I'm looking to learn how to write good short stories, what are some good instruction manuals I should use to learn from?


4 Answers 4


I like the Modern Library Writer's Workshop by Stephen Koch. It's not limited to Short Stories, it covers fiction in general. But it's small and approachable and full of helpful ideas.


For writing short stories try this one:

  • Writing Fiction: A Guide to Narrative Craft by Janet Burroway

I also found it really helpful to read a lot of short stories. Two anthologies I really liked were:

  • Points of View edited by James Moffett and Kenneth R. McElheny
  • The Norton Anthology of Short Fiction, Shorter 7th Edition by Richard Bausch and R. V. Cassill

A couple of authors whose short stories I found inspirational were:

  • Anton Chekov
  • Leo Tolstoy (his novellas e.g "Kruetzer Sonata" and "Death of Ivan Illyich"
  • O' Henry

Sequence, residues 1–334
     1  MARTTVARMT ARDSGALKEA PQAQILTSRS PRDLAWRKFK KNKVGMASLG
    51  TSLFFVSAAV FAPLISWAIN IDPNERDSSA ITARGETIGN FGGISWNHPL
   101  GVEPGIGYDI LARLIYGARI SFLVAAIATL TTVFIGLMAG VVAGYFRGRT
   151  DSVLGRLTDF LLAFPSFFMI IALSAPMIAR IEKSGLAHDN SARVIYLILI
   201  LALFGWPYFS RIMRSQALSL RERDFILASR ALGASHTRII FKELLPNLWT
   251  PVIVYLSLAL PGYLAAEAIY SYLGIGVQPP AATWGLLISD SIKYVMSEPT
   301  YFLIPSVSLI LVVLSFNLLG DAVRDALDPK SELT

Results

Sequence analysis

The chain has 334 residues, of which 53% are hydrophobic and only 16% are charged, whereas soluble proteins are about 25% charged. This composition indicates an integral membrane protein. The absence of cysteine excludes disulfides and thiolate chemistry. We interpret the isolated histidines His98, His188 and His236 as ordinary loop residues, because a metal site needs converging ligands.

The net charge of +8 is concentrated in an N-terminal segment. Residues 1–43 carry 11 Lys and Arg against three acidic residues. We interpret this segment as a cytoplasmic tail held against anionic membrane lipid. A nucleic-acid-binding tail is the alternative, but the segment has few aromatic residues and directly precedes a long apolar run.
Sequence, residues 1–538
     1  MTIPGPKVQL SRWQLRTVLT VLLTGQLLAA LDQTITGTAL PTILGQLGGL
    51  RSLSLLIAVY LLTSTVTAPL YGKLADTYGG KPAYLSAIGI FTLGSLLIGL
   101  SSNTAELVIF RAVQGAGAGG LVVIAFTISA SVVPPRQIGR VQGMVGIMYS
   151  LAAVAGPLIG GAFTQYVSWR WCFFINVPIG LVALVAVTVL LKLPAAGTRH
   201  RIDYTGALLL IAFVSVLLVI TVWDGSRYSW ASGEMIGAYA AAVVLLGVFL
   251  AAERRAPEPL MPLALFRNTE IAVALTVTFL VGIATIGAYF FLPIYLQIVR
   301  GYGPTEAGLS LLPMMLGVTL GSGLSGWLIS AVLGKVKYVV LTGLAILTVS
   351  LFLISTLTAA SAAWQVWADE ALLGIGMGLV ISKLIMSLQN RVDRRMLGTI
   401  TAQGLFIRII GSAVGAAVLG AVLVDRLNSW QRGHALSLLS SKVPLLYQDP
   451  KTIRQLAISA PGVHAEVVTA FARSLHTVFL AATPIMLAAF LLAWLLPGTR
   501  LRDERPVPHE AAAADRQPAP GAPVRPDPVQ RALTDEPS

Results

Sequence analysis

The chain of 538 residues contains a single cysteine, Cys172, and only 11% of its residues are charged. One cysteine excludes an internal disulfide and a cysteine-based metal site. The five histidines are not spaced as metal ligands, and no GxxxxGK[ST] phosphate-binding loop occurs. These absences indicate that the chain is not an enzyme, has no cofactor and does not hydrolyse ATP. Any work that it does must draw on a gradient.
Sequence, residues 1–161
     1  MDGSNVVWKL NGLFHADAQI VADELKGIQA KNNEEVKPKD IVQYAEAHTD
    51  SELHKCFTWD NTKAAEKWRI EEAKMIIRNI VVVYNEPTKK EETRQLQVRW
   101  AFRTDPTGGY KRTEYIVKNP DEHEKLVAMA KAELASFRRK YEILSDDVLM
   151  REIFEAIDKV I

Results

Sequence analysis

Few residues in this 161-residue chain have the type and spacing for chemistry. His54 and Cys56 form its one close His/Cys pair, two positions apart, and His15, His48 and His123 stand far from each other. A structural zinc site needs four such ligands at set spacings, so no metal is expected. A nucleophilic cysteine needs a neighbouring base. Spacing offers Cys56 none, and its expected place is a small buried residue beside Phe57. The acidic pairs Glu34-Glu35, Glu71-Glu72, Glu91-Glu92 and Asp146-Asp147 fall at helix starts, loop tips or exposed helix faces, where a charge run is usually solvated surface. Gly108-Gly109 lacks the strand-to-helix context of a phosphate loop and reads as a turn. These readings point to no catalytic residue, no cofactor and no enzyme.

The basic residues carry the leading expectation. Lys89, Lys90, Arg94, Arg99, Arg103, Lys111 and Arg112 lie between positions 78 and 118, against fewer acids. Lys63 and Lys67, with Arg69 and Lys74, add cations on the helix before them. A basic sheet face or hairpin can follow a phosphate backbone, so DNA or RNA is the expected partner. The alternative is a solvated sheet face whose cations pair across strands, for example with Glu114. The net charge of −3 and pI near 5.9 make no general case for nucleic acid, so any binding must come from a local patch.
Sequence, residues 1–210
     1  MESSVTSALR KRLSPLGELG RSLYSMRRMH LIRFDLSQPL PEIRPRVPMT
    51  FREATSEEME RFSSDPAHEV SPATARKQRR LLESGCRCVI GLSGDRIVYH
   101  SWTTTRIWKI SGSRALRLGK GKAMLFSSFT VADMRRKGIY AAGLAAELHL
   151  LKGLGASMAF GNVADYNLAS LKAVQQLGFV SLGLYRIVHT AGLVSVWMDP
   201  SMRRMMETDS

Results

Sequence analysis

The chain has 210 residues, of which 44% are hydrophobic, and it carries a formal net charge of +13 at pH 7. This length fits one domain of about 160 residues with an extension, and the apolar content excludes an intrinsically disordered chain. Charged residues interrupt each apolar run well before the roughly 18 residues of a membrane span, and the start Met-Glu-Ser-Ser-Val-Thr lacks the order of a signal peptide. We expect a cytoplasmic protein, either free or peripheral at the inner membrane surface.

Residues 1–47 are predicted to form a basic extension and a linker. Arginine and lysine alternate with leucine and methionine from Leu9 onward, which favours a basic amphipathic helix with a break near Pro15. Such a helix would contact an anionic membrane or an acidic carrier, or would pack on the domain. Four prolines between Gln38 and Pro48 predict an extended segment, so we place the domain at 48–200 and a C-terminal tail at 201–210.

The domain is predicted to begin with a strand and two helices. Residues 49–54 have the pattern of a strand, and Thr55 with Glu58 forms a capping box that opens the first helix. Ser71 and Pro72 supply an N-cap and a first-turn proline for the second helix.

• Guy DeMaupassant
  • Edgar Allan Poe

For more recent short stories you can pick up the last couple years of "Best American Short Stories" - which collects the best short stories by year.


This one's kind of "out there", but unbeatable if you'd like to take the organic, from-the-heart, not-the-head kind of approach: Robert Olen Butler's From Where You Dream: The Process of Writing Fiction. Rather than old-fashioned, technique-based instruction, Butler really encourages you to go to your "dream space" (almost becoming the character) to the point where you are walking around in your fictional world. You will soon "discover", he says, what is supposed to naturally happen next.

Another excellent one, which is more practical and down-to-earth: Ron Carlson Writes a Story. I love this one not just because it's a short read, but because Carlson actually takes you through pretty much the exact thought process he used to write one of his most popular stories. He pauses and tells you what he was thinking at each moment of the story-writing process, and tells you where he added content, debated about character choices, etc. One of the most unique elements of this book though, is that he also gives tips about your external environment, not just the story itself. He tells you how he got rid of distractions, set himself up in a good place to begin writing, and importantly, when he let himself take a break.


Two more suggestions:

Rick DiMarinis -- The Art & Craft of the Short Story

Rust Hills -- Writing in General and the Short Story in Particular

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